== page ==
SUMMERVILLE - The "crash tax" could be headed to a car wreck near you. Dorchester County has become the latest jurisdiction to consider charging hundred of dollars to have fire trucks and equipment respond to accidents.
More than two dozen jurisdictions or departments in the state already do, most in the Upstate. The St. Andrews Fire Department in West Ashley will hold a public hearing on doing it at its April meeting, after putting off a decision last week. Hampton County and the town of Hampton have established the fees, and the town has begun billing, according County Administrator Sabrena Graham.
In Dorchester County, the fees could range from about $300 to more than $2,000 per hour per vehicle and piece of equipment used. Extrication devices, popularly known as "Jaws of Life," would be among the most costly.
The fees would be charged to insurance companies of non-residents who are at fault for the wrecks, said Tres Atkinson, Dorchester County fire chief. He has his eye on Interstate 95, where county departments respond to any number of wrecks involving out-of-county residents who don't pay for the services.
A recent analysis of those calls over a three-month period showed the county could have brought in as much as $30,000 in fees, he said.
"It's another source of revenue," Atkinson said. "We're a (newly consolidated) department looking to provide more service without costing the taxpayers more money."
Dorchester County Council has sent the proposal to committee for study, and Chairman Bill Hearn said it looks good so far. When it comes to the expense of providing emergency services, "a little bit of recoupment goes a long way," he said.
The idea of charging recovery fees began to percolate among fire departments after the 2008 economic meltdown disrupted the tax revenue that paid for them. The North County Fire District, near San Diego, was among the earliest to do it, said Chief Bill Metcalf, who also is the International Association of Fire Chiefs president.
Departments grappled with a "huge drop in revenues in the face of pressure to maintain services," he said. Looking for revenue, they realized that many auto insurance companies cover the payment.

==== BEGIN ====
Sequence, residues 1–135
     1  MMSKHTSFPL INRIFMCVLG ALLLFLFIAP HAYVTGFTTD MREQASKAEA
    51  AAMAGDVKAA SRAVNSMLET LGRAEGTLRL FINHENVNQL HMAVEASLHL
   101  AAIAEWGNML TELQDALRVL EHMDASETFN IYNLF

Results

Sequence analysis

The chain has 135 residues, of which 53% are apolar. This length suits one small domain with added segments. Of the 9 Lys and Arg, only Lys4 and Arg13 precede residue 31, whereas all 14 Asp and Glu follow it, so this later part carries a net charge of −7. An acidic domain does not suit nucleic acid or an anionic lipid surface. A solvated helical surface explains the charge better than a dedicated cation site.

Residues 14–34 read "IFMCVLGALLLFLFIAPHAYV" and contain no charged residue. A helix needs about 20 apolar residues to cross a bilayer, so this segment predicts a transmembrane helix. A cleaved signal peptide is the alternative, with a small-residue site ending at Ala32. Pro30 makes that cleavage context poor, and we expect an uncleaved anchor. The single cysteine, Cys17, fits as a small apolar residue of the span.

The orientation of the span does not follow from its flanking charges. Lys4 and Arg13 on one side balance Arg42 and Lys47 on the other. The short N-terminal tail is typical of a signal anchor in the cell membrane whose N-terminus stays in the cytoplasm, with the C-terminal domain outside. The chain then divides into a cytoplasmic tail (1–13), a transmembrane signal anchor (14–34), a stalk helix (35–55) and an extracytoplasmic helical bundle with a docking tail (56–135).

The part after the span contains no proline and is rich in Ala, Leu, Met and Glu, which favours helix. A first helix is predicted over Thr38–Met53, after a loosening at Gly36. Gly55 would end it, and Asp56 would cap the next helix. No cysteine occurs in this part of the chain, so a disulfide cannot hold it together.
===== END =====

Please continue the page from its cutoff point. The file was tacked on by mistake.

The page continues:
"That's what the (insurance) customer is buying. We were giving a gift to the insurance companies," he said.
Some 50 to 100 departments in California alone now charge for the services, he said. The fees being looked at by Dorchester County are in line with what other departments charge.
Dorchester County would hire a third-party vendor to handle the billing and collection process, Atkinson said. St. Andrews also is considering a third-party vendor.
Russ Dubisky, executive director of the South Carolina Insurance News Service, said the insurance industry generally is wary of such plans, as they have the potential to drive up rates. "Insurance companies have to cover their losses from somewhere," he said.
Municipalities in about 27 states around the country have taken up billing drivers or their insurance companies for responding to traffic wrecks, but 12 states, including Georgia, Florida and Tennessee, have banned the practice, according to the National Association of Mutual Insurance Companies.
Metcalf said the fire chiefs' association has taken no position on charging the fees. The association's website provides an overview of the fees and issues involved so that its members understand their options, he said.
Glenn Smith contributed to this report. Reach Bo Petersen at 937-5744, @bopete on twitter or Bo Petersen Reporting on Facebook.
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